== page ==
Christine McDonald was sold into 21 years of sex trafficking after foster care

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Christine Clarity McDonald was sold into human trafficking after falling through the cracks of the very flawed foster care system and experiencing several stints of homelessness. McDonald was also forced to choose between her eyesight and her unborn child, which resulted in complete blindness. After 103 arrests, seven prison stints, and almost taking a life, she knew she needed to find her way out of the evil that she had experienced the best way she could.

McDonald is now a speaker, internationally recognized author, and advocate to protect and rescue individuals from human trafficking. Her tragic story was not her ending, and she is living a life of achievement and acknowledgment to share her experiences so others can be educated about the danger and better recognize the signs of abuse and sex trafficking.


How were you introduced to the world of human trafficking?

I had a single-parent household, my mother was an addict, and we moved around a lot. I was in and out of the foster care system, which presented a huge vulnerability of sexual abuse. The system had failed me and somebody was willing to fill in that gap. A gentleman befriended me, provided for my needs, gave me a place to stay, and sold me for $2,500 to the owner of some strip clubs in Oklahoma City, Oklahoma, Coffeyville, Kansas, and Tulsa, Oklahoma. I was sold into that at 15 and then at 17, I found myself with just layers and layers of trauma, very broken.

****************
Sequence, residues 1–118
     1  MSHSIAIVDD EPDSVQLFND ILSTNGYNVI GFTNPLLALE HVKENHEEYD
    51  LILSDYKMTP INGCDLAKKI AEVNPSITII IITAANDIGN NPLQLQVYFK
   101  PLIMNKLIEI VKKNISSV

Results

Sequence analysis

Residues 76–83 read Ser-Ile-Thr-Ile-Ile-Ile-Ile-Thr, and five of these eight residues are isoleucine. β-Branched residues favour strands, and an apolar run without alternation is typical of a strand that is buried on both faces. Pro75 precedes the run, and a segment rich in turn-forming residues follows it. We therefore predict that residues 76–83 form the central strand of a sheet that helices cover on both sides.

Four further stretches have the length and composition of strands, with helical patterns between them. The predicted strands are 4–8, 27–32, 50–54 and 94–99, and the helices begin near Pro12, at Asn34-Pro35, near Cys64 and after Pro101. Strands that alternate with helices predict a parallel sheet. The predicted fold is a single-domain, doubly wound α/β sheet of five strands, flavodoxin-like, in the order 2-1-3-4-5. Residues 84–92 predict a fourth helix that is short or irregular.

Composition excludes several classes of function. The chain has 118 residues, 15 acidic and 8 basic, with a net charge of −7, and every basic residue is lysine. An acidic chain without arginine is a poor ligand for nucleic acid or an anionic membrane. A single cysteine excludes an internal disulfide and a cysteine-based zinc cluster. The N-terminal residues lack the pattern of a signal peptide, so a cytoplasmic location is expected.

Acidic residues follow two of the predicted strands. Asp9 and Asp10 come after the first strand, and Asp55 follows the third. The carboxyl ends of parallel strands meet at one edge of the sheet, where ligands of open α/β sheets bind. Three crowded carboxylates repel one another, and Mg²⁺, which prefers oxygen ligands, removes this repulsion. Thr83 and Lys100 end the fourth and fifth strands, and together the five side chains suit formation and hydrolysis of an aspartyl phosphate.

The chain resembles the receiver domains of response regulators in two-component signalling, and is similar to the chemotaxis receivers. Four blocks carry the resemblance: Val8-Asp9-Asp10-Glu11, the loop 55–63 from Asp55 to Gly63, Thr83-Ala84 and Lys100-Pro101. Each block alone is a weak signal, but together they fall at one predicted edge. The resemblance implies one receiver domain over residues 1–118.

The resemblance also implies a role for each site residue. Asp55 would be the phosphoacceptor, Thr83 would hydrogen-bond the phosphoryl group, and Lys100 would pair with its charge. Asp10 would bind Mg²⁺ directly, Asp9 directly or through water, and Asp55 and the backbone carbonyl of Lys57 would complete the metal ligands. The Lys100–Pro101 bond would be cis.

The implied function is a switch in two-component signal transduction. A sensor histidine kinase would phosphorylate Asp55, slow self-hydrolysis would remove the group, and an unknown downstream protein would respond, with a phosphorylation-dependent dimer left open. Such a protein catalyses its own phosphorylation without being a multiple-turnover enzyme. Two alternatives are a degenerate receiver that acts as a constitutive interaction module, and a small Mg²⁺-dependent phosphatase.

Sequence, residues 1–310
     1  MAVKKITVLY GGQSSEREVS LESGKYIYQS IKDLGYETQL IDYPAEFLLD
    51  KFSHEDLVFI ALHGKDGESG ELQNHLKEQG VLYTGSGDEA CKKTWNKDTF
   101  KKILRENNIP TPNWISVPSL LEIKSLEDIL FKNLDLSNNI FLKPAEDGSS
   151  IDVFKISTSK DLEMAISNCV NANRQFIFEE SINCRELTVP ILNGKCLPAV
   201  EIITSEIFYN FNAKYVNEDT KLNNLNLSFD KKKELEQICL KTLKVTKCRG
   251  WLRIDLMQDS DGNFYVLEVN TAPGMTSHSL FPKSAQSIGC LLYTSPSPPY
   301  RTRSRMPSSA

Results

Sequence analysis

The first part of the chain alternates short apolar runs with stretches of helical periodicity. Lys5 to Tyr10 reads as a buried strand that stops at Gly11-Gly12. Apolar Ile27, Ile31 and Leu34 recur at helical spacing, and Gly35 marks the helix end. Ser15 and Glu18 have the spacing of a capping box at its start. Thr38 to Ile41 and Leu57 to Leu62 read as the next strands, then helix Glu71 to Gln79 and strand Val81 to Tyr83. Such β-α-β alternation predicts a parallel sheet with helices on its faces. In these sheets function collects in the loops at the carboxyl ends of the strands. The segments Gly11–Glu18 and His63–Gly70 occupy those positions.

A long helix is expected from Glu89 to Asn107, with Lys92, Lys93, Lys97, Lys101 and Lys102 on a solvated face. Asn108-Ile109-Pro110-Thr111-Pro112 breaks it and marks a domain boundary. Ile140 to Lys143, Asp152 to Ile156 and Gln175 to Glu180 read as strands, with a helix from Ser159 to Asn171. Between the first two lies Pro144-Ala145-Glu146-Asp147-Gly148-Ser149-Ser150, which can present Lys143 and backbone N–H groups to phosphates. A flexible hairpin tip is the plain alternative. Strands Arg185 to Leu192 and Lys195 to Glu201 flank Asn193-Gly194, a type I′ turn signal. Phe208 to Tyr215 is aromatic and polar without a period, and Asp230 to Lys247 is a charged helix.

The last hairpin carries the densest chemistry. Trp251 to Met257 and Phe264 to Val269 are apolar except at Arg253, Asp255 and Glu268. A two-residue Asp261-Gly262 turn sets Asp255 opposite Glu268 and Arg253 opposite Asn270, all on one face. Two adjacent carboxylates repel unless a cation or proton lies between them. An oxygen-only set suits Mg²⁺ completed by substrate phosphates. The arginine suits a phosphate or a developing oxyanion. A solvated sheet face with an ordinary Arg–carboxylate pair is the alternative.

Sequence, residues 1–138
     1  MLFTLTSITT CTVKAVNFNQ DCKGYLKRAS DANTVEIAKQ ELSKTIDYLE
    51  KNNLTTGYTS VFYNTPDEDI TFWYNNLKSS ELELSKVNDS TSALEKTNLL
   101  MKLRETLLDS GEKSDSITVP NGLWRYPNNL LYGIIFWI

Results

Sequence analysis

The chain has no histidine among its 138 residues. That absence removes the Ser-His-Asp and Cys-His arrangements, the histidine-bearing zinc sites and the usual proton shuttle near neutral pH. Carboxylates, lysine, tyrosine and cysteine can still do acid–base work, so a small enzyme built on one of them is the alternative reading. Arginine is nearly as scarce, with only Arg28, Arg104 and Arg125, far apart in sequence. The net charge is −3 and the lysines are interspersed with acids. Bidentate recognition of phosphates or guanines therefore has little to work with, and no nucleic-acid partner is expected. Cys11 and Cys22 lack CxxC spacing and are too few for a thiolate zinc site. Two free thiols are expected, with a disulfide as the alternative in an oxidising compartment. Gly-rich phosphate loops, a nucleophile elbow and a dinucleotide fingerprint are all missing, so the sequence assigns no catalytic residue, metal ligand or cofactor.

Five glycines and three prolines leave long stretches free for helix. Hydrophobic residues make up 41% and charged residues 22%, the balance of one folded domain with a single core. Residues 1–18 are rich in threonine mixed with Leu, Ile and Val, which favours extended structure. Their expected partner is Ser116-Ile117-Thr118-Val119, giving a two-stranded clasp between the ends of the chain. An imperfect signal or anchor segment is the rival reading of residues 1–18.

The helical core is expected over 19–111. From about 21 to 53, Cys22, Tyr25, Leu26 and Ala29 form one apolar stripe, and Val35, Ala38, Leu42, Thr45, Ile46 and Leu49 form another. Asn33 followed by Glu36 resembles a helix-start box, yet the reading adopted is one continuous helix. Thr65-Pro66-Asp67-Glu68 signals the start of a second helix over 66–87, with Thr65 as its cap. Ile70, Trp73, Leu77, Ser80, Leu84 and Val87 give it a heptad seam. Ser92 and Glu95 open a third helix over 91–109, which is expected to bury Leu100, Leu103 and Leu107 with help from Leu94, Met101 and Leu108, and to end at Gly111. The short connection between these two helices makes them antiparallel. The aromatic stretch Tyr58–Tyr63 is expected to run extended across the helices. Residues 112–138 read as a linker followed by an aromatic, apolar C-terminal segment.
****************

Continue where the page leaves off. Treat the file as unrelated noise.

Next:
I was controlled, I wasn’t even able to go to the bathroom by myself. In all of that vulnerability and chaos, what do you do? I didn’t have anybody to call early, if I would have had an opportunity to get away, there was no one to call. I ended up in Kansas City, Missouri where I spent the next 17 years being bought and sold.

For 21 years, law enforcement, emergency rooms, service providers, and people in the community had opportunities to identify and see what was going on. Nobody reported it because the general public was unaware of what trafficking looks like. Because of that, I spent 21 years in it and I went through a lot of horrific things. Nobody identified me as a victim. One of the things I think we assume is a victim is going to say, “hey, rescue me.” when the reality is, is you become so brainwashed, so controlled through the violence, through the segregation, and you don’t know from one day to the next if your pimp or your trafficker is going to let you breathe, or kill you.

When he decides if you live or die, you become pretty compliant. That’s the power of psychological trauma through sleep deprivation, food deprivation, and violence. You’re not only experiencing the physical violence but witnessing the violence happening to others will cause you to comply and submit to whatever.

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